Jia Li

Associate Professor, Plant Development / Plant Molecular Biology

Dr. Jia Li
Dr. Jia Li


Department of Botany and Microbiology
770 Van Vleet Oval
University of Oklahoma
Norman, OK 73019
Office phone: 405-325-1653
Lab phone: 405-325-3176
Fax: 405-325-7619
Email: lij@ou.edu


Postdoctoral training: University Of Missouri-Columbia, 1997-2001.
Ph.D. Virginia Polytechnic Institute and State University, 1995.
M.S. Institute of Botany, Chinese Academy of Sciences, 1989.
B.S. Department of Biology, Lanzhou University, 1984.


The long term goal of my research group is to understand roles of cell-surface receptor-like protein kinases (RLKs) in regulating plant growth and development, currently focusing our studies on RLK-mediated brassinosteroid (BR) signal transduction in the model plant Arabidopsis.

BRs are essential plant hormones controlling many critical processes during normal growth and development. Mutants lacking the ability to biosynthesize or to perceive BRs exhibit extremely dwarfed phenotypes, with epinastic and rounded leaves, delayed senescence, reduced male-fertility, and altered photomorphogenesis and skotomorphogenesis. BRs are perceived by a cell-surface leucine-rich repeat RLK (LRR-RLK) named BRI1. To discover novel regulatory components in the BRI1-mediated BR signaling pathway, my group has successfully employed an activation-tagging approach to identify genetic modifiers of a weak bri1 allele, bri1-5. We have carried out a large-scale activation-tagging genetic screen (> 120,000 activation-tagging lines screened) and identified more than 40 bri1-5 genetic suppressors. The tagged genes encode a variety of proteins with divergent cellular functions. Several of these proteins have been functionally characterized. The characterized proteins include BRS1 (a serine carboxypeptidase), BAK1 (an LRR-RLK distinct from BRI1), BKK2 (a BAK1-LIKE LRR-RLK), BRL1 and BRL3 (two BRI1-LIKE LRR-RLKs), and BEN1 (a DFR-LIKE putative steroid reductase). We hypothesized that BRS1 might be involved in an early proteolytic processing step in the BR signaling, BAK1 and BAK1-LIKE proteins might act as co-receptors of BRI1, BEN1 might be responsible for the homeostasis of in vivo bioactive BRs. We are currently testing these hypotheses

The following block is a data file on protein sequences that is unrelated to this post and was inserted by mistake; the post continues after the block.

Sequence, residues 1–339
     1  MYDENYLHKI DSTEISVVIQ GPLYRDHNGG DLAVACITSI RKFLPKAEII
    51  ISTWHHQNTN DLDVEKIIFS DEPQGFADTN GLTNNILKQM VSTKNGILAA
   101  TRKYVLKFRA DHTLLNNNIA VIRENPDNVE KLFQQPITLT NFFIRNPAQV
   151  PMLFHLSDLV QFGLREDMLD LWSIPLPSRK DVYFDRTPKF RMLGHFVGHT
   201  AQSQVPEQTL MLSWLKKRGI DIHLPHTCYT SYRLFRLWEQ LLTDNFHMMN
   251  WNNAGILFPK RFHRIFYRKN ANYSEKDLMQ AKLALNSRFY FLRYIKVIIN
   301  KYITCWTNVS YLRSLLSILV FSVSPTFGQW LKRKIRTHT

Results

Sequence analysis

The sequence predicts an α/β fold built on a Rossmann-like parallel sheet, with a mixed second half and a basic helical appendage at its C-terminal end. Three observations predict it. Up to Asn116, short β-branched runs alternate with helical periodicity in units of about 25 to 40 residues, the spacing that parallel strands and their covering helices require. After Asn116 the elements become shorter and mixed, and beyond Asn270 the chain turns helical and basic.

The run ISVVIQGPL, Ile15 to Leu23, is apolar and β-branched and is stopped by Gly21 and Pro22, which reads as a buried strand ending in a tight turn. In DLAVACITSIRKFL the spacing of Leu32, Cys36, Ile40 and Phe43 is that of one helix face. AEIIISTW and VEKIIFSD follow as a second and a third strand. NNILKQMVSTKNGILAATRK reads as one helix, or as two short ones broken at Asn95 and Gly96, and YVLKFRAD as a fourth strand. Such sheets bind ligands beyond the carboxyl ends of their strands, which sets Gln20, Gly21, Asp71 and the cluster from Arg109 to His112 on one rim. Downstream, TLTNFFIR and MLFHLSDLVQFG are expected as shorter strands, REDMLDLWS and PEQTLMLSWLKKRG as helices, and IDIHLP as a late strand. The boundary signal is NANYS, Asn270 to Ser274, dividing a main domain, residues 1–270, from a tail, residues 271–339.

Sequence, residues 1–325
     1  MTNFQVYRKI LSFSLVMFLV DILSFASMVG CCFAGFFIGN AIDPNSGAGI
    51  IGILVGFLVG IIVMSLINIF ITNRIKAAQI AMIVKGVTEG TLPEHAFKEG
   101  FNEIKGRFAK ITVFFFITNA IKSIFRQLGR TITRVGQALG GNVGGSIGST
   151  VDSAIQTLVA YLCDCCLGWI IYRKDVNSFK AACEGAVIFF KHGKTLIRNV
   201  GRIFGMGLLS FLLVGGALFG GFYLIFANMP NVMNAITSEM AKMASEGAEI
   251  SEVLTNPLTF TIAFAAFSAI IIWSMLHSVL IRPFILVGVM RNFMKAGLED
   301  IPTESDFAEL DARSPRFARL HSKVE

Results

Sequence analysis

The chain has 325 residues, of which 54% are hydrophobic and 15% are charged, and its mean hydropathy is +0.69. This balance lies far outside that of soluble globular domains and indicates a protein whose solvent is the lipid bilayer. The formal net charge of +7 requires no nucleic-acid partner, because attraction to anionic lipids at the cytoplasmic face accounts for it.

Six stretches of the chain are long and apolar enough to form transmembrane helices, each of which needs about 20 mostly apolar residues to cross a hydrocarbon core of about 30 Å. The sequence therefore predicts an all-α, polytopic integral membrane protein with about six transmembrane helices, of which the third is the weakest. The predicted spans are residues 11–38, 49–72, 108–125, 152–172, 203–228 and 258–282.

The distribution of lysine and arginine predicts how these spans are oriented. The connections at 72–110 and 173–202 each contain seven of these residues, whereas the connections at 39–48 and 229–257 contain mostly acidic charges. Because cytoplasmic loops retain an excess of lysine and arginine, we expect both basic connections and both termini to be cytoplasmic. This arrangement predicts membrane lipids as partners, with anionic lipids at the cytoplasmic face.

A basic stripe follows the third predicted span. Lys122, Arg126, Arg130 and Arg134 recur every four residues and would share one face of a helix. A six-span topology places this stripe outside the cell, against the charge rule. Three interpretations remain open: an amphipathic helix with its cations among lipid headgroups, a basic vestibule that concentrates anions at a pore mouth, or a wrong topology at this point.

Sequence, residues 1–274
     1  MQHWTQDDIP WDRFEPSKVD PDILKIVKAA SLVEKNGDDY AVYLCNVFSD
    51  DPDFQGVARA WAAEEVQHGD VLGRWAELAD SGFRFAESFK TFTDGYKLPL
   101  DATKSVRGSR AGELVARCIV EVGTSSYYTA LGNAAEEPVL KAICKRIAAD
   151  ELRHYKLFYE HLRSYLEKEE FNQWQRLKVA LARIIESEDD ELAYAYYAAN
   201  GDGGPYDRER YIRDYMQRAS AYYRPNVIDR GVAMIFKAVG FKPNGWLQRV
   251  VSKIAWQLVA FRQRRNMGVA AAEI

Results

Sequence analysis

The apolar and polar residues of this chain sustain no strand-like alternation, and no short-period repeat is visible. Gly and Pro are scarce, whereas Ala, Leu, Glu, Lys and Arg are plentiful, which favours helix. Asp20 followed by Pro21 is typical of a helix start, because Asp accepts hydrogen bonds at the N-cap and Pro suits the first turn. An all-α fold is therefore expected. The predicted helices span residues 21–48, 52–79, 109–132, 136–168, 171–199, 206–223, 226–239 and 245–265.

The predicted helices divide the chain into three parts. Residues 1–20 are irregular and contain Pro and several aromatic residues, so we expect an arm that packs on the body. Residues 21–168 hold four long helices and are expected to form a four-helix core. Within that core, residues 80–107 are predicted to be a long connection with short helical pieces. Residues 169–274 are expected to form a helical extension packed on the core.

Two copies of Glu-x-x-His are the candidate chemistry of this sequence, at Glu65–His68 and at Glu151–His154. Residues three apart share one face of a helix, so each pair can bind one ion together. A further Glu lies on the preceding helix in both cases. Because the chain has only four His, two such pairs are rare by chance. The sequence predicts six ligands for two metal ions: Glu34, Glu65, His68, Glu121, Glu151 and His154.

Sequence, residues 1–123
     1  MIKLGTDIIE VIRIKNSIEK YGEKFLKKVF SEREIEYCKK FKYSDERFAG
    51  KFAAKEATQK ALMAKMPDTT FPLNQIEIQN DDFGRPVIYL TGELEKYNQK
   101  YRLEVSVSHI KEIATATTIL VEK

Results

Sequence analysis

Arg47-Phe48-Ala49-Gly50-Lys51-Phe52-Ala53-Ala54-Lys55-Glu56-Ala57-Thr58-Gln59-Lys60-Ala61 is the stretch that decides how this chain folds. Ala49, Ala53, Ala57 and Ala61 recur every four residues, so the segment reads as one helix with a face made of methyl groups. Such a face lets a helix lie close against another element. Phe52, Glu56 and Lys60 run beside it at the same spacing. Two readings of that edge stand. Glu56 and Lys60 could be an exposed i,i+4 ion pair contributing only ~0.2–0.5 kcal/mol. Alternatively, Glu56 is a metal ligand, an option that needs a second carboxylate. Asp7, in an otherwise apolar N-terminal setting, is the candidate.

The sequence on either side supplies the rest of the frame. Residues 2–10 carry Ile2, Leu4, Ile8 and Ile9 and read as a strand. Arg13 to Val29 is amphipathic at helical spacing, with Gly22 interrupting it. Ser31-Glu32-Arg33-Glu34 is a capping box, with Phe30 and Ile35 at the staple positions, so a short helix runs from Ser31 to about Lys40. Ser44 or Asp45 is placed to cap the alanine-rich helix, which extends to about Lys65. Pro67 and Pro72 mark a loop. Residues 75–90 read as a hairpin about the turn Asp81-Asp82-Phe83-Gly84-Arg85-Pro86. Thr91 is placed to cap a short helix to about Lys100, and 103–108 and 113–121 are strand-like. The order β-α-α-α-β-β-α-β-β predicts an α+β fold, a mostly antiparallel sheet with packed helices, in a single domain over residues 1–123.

Most recently, my group identified that BAK1 and BKK1 are involved in the interplay of BR-dependent growth and BR-independent cell-death signaling pathways (see below). We are trying to further dissect the detailed molecular mechanisms of BAK1 and BKK1 in regulating these two antagonistic signaling pathways.


Brassinosteroid signalling model
Figure 1. Current model of the BR signal transduction. Major regulators and their roles are indicated. Significant gaps still need to be filled in the future.
Hypothetic functions of BAK1 and BKK1
Figure 2. Hypothetic functions of BAK1 and BKK1 in both growth and cell-death control signaling pathways. BAK1 and BKK1 play important roles in regulating two antagonistic signaling pathways possibly by alternating their physical interactions with BRI1 and an unknown LRR-RLK in order to initiate two divergent signaling cascades.



  1. Advanced Molecular Biology and Genetics
  2. Plant Molecular Biology
  3. Principles of Plant Physiology
  4. Molecular Mechanisms of Plant Development
  5. Graduate Student Seminar


activation-tagging approach
Figure 3. Using activation-tagging approach to identify key proteins mediating BR signal transduction. In this experiment, a weak mutant (bri1-5) of the BR receptor gene BRI1 was used as the genetic background. Both suppressors and enhancers were successfully obtained via this genetic method.
  1. Wang, X., Kota, U., He, K., Blackburn, K., Li, J., Goshe, M.B., Huber, S.C., and Clouse, S.D. (2008). Sequential transphosphorylation of the BRI1/BAK1 receptor kinase complex impacts early events in brassinosteroid signaling. Developmental Cell 15, 220-235.
  2. He, K., Gou, X., Powell, R.A., Yang, H., Yuan, T., Guo, Z., and Li, J.* (2008). Receptor-like protein kinases, BAK1 and BKK1, regulate a light-dependent cell-death control pathway. Plant Signaling & Behavior 3:10, 813-815 (Invited Addendum)